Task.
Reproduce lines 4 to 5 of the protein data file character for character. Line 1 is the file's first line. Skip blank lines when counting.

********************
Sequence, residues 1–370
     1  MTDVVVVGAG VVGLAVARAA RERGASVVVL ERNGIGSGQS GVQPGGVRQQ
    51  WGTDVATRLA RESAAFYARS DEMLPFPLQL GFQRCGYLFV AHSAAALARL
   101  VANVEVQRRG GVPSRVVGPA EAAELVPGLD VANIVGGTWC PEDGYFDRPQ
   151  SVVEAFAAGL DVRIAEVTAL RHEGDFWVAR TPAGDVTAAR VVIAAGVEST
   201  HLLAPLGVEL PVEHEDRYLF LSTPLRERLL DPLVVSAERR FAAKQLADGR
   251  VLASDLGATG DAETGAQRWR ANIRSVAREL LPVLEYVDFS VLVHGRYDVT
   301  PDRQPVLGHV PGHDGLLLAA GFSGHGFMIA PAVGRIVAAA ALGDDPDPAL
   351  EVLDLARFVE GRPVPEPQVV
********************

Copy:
   101  VANVEVQRRG GVPSRVVGPA EAAELVPGLD VANIVGGTWC PEDGYFDRPQ
   151  SVVEAFAAGL DVRIAEVTAL RHEGDFWVAR TPAGDVTAAR VVIAAGVEST